Polar bears are classified as marine mammals because they spend most of their lives on the sea ice of the Arctic Ocean. They have a thick layer of body fat and a water-repellant coat that insulates them from the cold air and water. Considered talented swimmers, they can sustain a pace of six miles per hour by paddling with their front paws and holding their hind legs flat like a rudder.
Polar bears spend over 50% of their time hunting for food. A polar bear might catch only one or two out of ten seals it hunts, depending on the time of year and other variables. Their diet mainly consists of ringed and bearded seals because they need large amounts of fat to survive.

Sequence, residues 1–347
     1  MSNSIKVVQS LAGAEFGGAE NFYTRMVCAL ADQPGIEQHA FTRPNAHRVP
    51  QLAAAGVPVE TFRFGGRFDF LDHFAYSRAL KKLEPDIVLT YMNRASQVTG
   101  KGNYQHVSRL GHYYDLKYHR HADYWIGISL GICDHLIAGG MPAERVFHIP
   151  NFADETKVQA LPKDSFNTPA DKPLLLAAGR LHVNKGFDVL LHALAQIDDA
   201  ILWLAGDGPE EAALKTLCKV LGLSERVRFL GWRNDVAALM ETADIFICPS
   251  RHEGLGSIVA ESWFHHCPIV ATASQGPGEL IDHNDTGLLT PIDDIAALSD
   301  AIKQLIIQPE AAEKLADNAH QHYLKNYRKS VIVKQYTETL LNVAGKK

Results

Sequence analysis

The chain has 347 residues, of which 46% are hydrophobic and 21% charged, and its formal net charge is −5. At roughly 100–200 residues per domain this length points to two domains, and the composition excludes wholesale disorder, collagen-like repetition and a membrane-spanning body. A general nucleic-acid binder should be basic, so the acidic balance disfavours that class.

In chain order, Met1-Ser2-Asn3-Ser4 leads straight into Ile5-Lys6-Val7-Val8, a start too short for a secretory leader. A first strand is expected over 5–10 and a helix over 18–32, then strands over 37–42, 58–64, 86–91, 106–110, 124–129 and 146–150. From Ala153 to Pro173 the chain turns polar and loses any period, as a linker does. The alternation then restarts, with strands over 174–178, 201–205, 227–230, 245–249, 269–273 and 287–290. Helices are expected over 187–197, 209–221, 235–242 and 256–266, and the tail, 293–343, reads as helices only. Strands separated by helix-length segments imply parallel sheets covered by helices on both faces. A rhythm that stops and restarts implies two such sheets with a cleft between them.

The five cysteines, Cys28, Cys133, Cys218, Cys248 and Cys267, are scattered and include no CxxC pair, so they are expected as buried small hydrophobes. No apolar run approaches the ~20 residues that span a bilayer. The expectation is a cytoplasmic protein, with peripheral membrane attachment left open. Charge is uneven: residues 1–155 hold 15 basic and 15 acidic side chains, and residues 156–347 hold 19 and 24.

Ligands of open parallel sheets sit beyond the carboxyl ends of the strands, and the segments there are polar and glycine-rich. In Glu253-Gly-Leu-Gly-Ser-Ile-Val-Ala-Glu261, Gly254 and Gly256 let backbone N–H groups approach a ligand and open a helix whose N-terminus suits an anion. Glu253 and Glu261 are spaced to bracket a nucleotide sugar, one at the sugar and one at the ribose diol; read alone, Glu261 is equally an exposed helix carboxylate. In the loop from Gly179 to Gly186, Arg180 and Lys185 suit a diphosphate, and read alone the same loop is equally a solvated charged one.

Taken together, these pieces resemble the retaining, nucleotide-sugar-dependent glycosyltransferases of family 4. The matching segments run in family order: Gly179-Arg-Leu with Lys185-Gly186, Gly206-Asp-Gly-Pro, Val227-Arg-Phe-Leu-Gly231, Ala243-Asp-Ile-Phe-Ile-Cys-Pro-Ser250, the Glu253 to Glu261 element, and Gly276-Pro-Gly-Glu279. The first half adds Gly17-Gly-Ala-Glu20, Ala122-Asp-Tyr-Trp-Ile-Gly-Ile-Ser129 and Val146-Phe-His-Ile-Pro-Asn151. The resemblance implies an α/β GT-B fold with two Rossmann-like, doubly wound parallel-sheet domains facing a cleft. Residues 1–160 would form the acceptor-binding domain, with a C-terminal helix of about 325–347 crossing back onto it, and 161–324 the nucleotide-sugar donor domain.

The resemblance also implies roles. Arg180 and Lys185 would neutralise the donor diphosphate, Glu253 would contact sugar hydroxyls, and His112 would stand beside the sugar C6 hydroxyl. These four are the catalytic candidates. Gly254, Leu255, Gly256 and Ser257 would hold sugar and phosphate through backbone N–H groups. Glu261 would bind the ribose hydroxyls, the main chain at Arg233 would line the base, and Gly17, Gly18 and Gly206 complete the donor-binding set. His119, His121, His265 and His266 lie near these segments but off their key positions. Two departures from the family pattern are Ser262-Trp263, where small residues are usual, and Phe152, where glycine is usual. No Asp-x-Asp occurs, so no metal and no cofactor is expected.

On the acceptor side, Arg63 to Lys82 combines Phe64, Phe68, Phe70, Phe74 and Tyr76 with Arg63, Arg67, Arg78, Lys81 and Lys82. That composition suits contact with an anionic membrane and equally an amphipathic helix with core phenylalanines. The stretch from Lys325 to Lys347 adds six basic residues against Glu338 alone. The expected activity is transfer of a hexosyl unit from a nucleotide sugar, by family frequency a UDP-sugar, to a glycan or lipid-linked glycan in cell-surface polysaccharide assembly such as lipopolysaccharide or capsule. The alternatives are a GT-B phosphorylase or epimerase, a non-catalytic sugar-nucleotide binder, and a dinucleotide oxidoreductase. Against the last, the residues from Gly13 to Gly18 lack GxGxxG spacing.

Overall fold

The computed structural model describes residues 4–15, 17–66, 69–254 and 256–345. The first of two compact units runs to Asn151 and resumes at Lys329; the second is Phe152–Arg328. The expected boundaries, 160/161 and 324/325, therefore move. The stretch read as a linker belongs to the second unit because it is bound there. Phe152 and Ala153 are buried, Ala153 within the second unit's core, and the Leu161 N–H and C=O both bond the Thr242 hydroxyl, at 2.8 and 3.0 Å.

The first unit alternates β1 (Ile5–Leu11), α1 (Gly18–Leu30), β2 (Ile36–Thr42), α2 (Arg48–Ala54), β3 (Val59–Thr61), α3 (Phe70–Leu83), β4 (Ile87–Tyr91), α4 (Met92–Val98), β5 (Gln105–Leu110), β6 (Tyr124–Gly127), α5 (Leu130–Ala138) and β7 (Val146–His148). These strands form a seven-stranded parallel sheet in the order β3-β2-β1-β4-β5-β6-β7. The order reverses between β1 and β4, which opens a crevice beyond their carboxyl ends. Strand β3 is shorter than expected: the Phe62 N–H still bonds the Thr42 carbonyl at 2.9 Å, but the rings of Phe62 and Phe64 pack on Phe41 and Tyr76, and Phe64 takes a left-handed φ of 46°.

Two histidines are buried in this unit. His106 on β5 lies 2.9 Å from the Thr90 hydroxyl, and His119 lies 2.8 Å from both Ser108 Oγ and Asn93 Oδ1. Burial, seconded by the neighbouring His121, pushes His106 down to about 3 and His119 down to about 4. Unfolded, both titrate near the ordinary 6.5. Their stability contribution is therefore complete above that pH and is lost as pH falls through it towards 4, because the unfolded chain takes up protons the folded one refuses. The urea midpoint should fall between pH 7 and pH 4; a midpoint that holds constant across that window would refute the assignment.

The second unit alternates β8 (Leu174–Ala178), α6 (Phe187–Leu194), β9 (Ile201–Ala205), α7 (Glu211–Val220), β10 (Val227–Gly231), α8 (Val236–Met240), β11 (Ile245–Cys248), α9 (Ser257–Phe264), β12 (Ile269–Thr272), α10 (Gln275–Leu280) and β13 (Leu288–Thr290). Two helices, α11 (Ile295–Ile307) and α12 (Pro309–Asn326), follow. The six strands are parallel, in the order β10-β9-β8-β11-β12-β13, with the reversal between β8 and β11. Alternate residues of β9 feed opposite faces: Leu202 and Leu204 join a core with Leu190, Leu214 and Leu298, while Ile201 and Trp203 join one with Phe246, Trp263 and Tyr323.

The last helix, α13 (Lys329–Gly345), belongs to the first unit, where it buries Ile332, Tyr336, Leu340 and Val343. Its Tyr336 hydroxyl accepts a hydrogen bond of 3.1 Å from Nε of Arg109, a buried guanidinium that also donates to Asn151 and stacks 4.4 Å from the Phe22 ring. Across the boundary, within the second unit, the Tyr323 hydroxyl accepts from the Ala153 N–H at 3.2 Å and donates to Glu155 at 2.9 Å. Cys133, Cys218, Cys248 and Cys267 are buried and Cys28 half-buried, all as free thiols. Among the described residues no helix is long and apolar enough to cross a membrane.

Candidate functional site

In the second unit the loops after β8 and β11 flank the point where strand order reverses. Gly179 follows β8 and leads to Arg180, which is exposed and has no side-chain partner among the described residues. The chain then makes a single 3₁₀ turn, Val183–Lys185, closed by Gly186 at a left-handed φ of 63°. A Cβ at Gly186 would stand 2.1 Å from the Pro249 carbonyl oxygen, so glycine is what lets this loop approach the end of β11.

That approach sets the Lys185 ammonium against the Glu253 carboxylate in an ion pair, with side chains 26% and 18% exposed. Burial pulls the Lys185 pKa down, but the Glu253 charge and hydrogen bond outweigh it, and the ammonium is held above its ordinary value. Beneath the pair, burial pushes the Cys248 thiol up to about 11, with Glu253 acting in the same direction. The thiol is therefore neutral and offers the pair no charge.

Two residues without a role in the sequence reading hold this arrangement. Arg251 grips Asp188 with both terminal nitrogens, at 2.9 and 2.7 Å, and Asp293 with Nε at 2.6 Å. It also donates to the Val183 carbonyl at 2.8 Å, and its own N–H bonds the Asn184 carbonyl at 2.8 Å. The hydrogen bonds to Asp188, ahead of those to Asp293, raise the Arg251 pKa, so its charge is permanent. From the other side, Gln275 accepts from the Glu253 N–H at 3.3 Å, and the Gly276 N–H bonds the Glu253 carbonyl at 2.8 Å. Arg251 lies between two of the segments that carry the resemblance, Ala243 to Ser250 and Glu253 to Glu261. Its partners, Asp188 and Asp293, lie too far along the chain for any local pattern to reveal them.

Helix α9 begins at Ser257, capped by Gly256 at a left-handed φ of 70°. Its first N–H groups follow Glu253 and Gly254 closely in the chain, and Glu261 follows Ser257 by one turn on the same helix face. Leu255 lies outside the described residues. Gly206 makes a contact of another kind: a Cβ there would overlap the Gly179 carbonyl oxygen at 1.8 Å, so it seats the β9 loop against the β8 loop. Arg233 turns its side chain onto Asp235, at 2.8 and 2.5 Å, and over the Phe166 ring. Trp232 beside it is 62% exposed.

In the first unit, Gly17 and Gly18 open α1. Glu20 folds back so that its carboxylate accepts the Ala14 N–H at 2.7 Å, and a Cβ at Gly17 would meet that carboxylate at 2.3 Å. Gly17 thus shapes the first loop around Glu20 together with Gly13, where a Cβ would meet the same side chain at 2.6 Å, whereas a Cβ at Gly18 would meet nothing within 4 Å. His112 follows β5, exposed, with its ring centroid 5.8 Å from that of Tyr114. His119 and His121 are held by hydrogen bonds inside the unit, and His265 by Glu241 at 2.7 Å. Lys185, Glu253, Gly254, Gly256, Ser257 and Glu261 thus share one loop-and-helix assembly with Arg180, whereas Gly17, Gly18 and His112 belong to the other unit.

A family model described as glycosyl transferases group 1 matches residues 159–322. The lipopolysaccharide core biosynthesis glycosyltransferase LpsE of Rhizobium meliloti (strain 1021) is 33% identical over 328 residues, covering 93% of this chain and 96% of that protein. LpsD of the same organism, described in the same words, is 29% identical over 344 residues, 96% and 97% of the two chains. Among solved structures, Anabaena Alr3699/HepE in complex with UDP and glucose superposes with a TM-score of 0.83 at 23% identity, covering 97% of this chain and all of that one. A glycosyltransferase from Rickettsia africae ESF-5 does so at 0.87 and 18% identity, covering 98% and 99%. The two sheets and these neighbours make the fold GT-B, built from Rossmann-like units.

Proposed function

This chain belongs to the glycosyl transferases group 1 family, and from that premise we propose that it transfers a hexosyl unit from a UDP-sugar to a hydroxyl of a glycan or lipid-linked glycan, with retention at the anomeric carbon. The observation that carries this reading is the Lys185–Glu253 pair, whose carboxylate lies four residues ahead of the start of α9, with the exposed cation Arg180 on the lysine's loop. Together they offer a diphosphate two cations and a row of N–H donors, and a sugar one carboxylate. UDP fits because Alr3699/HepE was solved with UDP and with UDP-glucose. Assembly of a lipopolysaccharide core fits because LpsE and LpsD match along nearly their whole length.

Scientists have divided the total polar bear population into 19 units or subpopulations. Of those, the latest data from the IUCN Polar Bear Specialist Group show that one subpopulation is in decline (Southern Beaufort Sea) and that there is a high estimated risk of future decline due to climate change and data deficiency.
Because of ongoing and potential loss of their sea ice habitat resulting from climate change, polar bears were listed as a threatened species in the US under the Endangered Species Act in May 2008.
The survival and the protection of the polar bear habitat are urgent issues